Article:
The accelerated commercialization of land has generated considerable debate and raised questions regarding its impact on food security. While some see in large-scale land deals long-awaited investments in agriculture and the opportunity for improving food security, others associate it with dispossession, increased poverty and hunger for vulnerable populations. Existing evidence suggests that outcomes are complex and depend on a variety of local conditions.
The project will contribute to better understanding the effects of land commercialization and to filling three knowledge gaps. First, much of the contemporary literature on the issue focuses on large-scale land acquisitions by foreign investors, and fails to place the phenomenon in a larger context of agrarian transition, including the policies and politics that guide such transition. Second, the new livelihoods resulting from land commercialization have a gender dimension, which has not been comprehensively studied. Third, there is a dearth of evidence regarding the effectiveness of the right to food and gender equality approaches to alleviating food insecurity, and of studies that examine processes of land commercialization from a right to food and gender equality perspective. By approaching contemporary pressures on land as part of a new phase of agrarian transition, examining its gendered outcomes, and injecting a rights perspective into the debate, the project will broaden existing evidence on the effects of land commercialization on food security and the power of human rights to affect these outcomes.
Highlights and important results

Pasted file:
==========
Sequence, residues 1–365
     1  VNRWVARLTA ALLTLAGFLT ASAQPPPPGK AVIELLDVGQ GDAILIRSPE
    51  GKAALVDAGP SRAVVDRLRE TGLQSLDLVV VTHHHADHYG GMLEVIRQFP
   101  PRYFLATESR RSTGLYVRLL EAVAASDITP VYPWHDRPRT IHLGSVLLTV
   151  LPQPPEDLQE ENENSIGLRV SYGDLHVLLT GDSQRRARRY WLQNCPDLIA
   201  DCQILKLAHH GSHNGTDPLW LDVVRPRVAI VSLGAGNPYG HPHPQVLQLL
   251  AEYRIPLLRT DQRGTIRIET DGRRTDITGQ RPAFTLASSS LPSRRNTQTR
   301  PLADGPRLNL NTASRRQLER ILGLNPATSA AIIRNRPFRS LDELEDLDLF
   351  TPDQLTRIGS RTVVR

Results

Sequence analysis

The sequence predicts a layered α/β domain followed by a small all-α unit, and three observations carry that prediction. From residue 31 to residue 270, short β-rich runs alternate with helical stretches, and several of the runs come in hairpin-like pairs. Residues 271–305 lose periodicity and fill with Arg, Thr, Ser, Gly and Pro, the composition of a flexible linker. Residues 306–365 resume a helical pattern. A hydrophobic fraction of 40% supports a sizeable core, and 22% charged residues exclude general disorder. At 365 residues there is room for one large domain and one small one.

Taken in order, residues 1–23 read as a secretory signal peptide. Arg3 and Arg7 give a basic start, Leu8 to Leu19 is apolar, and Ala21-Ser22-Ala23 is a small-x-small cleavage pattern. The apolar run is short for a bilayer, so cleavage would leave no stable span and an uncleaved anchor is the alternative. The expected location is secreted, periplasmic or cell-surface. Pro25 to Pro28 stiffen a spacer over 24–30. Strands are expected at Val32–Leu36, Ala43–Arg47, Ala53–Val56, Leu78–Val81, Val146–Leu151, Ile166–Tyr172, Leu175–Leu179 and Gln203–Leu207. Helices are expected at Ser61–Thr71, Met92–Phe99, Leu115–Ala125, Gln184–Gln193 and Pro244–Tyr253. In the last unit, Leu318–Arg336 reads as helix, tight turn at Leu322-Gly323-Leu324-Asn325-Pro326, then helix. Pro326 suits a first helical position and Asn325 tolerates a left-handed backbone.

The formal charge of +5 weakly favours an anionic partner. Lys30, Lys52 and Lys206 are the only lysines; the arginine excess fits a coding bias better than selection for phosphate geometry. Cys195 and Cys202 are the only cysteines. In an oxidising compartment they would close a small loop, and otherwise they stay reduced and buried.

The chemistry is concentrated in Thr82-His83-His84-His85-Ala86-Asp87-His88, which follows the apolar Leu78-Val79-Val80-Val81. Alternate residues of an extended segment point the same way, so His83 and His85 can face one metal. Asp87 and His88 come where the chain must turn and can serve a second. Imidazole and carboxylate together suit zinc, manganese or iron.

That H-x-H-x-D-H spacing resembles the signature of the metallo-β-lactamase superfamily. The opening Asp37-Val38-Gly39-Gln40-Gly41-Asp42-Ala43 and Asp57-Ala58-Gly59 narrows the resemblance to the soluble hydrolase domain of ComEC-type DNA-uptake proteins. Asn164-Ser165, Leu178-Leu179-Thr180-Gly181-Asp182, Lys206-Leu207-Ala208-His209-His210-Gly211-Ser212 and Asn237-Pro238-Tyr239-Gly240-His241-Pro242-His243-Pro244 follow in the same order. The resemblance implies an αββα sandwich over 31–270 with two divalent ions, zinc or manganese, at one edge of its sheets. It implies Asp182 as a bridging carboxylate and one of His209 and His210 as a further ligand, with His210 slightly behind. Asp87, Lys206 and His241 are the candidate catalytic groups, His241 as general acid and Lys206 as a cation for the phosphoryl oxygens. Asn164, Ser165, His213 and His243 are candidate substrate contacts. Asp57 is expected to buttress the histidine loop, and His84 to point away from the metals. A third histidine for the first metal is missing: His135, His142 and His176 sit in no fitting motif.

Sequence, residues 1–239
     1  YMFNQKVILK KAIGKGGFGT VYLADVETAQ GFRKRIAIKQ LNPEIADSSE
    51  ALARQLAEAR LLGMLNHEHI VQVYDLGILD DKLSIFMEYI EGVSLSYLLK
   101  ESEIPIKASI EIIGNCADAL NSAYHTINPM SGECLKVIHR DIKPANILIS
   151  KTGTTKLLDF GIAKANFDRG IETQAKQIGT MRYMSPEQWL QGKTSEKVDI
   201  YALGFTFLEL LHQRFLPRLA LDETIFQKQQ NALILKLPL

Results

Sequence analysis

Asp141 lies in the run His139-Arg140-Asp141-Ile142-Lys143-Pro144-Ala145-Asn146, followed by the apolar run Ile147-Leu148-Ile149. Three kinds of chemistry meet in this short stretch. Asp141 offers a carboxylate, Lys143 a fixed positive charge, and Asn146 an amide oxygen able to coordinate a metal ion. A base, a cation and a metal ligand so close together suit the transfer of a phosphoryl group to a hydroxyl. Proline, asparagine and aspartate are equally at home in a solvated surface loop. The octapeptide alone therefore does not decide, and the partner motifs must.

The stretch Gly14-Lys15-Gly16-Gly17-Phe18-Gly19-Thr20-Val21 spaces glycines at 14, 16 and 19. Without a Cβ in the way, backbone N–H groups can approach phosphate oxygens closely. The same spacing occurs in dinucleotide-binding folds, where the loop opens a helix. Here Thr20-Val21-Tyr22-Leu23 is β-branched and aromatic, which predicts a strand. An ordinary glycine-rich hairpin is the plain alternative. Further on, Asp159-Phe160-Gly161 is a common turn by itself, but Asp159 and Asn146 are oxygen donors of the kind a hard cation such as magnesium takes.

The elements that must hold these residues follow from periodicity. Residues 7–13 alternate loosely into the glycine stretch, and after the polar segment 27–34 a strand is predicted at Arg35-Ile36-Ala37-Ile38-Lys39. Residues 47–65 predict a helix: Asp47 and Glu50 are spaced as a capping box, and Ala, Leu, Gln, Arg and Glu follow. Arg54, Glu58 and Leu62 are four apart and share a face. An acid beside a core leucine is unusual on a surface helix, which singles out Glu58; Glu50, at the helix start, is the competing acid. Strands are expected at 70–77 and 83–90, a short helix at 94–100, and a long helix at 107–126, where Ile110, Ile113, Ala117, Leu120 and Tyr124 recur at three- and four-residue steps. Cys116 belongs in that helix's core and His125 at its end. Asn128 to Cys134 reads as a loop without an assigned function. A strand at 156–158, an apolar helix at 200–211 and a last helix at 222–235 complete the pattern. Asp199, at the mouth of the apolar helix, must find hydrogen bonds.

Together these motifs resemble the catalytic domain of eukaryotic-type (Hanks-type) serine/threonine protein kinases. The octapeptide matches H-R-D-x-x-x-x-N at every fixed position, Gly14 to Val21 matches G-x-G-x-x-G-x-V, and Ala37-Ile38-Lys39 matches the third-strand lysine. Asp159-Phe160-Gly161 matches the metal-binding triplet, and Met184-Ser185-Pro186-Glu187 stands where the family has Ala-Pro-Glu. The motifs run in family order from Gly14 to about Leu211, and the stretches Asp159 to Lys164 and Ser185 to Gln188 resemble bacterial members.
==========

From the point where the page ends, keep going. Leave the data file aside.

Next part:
The process and magnitude of land and agricultural commercialization differ between the two case countries. Accordingly, changes in the access to land and natural resources are also uneven. In Cambodia, governmental policies and large-scale land concessions have triggered a significant reduction in access to farmed land, grazed land, forest and water areas for the majority of smallholders, promoting a radical change in cropping systems as farmers are transitioning almost exclusively to cash crops for export (namely cassava, cashew and rubber). Land sales and land losses are associated with a decline in food security. In contrast, land and agricultural commercialization processes in Ghana have caused fewer cases of land dispossession in spite of some variation between districts and households. While households in northern Ghana experience longer periods of food shortages and show less diverse food consumption patterns, there appears to be no strong correlation between agricultural commercialization and food shortages, particularly in situations where commercialization involves small and medium scale farmers producing food staples for own consumption and sale.